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Music Notation Basics Part II - Key Signatures & Accidentals
  

Introduction

Welcome to Part II of our Music Notation Basics Series. The Series provides a foundation in the very basic aspects of written music, hopefully with just a little something more. It is for those members who have asked for material that allows them to start at the beginning.

In Part I we presented the music staff, how the bass and treble clefs are related, and how we label notes. We introduced some language that may not have been familiar, and gave you a few basic working definitions of words such as pitch, tone, staff and note.

Part I presented a vertical view of the music Staff—an 'up and down' view—and how we use it to imply pitch. I planned for Part II to expand a bit on Part I topics, but to mostly focus on a horizontal view--one that showed how we use the staff (and notes) to depict time. This two-dimensional theme of 'staff as graph' is shown below.

But, there were still many basics I didn't cover in Part I, so the topics that relate to how music behaves in time will be deferred until Part III. So, this article continues with more material related to pitch:

- Moveable C & percussion clefs.
- Key signatures and how they relate to major and relative minor scales.
- Three new accidentals.
- How accidentals are used to override a key signature.
- Transposing & so-called 'transposing instruments'.

So that covers what I wanted to say about pitch-related notation. I'm going to encourage others to contribute later on what I'd call 'pitch ornamentation' notations—things like bends, slides, vibrato and so on. Maybe we'll give those topics a guitar spin, or maybe we can use examples from other instruments—the guitar isn't the only instrument in the world that can do this stuff, you know!

Moveable C & Percussion Clefs

In Part I we mentioned the bass and treble clefs and how they were born from the splitting of the Grand Staff. I did not mean to imply these were the only two staves in music. Just like any piece of graph paper, the staff can refer to any set of notes you choose—you simply need a symbol to place on the staff that shows what note a selected space or line on the staff refers to. As you learned in Part I, that is exactly what a clef does…it tells you what note the composer intends for some specific line of the staff.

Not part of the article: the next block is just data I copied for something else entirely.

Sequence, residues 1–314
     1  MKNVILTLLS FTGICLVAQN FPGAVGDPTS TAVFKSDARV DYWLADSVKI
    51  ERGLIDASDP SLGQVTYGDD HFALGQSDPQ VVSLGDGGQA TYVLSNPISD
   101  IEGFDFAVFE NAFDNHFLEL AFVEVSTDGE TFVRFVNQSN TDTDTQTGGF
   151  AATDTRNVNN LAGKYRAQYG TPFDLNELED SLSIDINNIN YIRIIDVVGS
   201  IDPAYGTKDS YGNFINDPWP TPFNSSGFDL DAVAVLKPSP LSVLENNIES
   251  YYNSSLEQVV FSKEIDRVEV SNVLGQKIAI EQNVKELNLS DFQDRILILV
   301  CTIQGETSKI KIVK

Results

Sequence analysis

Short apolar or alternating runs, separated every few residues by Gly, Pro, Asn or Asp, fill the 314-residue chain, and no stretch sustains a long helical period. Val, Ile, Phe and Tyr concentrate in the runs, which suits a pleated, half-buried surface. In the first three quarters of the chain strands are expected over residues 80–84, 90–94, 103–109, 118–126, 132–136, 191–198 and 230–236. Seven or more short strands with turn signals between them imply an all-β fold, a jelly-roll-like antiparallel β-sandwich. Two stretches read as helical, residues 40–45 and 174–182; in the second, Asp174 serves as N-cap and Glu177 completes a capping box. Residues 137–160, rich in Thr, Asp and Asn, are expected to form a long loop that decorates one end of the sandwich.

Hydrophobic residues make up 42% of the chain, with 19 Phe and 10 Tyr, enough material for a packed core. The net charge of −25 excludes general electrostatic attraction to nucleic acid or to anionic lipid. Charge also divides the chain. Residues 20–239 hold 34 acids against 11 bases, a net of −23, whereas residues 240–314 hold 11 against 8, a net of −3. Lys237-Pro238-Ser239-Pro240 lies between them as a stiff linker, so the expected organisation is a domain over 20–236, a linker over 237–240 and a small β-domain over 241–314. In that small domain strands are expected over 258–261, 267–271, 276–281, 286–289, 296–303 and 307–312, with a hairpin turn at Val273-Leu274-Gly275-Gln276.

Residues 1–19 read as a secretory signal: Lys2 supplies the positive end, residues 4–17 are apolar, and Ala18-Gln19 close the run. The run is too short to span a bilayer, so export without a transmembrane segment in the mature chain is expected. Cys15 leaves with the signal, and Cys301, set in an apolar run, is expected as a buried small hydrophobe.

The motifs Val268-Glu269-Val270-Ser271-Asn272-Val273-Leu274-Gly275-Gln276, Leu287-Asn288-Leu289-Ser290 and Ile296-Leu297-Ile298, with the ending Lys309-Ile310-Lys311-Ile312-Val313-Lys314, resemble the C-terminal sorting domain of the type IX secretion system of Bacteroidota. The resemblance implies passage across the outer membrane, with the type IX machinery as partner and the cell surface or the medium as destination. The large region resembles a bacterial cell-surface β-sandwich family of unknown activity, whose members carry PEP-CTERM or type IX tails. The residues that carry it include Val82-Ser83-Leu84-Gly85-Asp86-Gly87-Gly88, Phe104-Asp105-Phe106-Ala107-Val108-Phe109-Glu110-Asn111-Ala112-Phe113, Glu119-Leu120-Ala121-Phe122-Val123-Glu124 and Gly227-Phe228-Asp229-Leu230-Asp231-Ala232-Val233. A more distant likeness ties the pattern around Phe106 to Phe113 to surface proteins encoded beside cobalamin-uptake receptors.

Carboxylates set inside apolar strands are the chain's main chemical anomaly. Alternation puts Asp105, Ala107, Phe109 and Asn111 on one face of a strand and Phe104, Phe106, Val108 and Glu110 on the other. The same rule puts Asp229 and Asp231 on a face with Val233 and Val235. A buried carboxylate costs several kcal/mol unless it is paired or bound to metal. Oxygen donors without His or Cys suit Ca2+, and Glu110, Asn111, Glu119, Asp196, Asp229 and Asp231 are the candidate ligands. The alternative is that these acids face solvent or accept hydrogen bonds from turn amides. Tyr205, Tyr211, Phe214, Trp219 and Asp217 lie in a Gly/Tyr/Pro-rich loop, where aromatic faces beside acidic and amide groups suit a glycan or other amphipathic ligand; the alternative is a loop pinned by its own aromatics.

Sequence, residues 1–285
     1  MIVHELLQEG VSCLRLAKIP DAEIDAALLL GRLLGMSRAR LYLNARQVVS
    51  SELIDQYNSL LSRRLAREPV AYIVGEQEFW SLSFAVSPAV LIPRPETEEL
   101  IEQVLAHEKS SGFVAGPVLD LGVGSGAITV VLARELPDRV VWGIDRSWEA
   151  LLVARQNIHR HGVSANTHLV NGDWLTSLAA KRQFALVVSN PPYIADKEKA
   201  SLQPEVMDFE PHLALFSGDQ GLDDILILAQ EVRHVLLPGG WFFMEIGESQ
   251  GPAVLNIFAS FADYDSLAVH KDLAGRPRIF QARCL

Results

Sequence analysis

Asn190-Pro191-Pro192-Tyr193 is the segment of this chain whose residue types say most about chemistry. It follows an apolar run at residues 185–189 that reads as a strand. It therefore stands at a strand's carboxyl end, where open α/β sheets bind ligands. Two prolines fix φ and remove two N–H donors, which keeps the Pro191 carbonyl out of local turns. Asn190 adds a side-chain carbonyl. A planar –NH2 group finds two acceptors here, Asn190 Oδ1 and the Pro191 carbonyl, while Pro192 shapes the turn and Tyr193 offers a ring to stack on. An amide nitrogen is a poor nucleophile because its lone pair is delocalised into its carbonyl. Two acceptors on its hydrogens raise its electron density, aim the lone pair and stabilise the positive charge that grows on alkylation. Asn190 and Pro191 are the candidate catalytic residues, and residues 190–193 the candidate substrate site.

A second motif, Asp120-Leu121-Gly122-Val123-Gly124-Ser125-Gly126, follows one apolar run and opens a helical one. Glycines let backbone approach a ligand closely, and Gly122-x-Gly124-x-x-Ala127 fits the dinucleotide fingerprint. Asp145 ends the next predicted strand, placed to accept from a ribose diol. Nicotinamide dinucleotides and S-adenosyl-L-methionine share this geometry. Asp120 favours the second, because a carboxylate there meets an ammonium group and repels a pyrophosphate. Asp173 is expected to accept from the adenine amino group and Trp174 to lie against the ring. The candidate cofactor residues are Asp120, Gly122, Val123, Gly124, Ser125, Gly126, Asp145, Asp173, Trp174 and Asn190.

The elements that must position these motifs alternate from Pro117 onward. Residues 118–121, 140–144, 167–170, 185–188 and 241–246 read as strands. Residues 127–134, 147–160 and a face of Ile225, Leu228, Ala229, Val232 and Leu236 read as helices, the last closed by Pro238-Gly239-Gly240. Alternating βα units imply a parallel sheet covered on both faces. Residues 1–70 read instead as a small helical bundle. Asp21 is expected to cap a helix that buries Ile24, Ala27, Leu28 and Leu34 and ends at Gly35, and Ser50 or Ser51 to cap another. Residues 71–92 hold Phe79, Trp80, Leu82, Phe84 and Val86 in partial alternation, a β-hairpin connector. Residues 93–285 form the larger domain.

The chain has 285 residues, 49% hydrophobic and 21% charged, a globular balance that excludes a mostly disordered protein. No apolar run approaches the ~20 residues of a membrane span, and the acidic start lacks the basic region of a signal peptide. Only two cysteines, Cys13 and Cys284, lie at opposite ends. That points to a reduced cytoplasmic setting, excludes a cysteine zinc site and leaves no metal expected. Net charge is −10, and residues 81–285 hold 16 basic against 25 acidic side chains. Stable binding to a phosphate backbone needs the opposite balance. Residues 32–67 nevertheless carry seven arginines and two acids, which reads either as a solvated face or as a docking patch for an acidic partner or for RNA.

Long ago, musicians selected a clef that specifies the location of Middle C. Now, we already learned that Middle C was the leger line just below the treble clef (and the leger just above the bass clef). That's true, but so long as I tell you first, I can put any note any where I choose to. So, if I tell you Middle C is the 2nd line on the staff (from the bottom), don't you automatically know what the rest of the staff represents? Of course you do.

The 'moveable C' clefs are examples of how I can use the staff as a piece of graph paper. Just like the F clef and the G clef 'point to' F and G respectively, the moveable C clef points to Middle C—and I can place it anywhere I want on the staff. Two common C-clef placements are shown below.

The first moveable C clef above is the alto clef, and the second one is the tenor clef. Notice that the clef is centered on and highlights a particular line of the staff. Whichever line the clef is centered over is automatically assigned as Middle C.

Now, this would not be Music if there were no exceptions. Musicians want to use the staff even when pitch has little meaning—to write only ideas of rhythm. What we need is a 'clef' that tells you, “There is no up-down (pitch) meaning implied by this staff”. For instruments where it is felt that pitch is not too important, for selected percussion parts for example, several clefs are commonly used. I've shown these below.
I hope this gives you a bigger view of the staff than you had after reading Part I. When you see a staff notated with a clef you have not seen before, you know what it means or can at least ask better questions about it. There are many other clefs. I have covered some of the common ones to give you a good idea of why they exist, and I have described the two main ways they are all used. Let's move on.

Key Signatures >>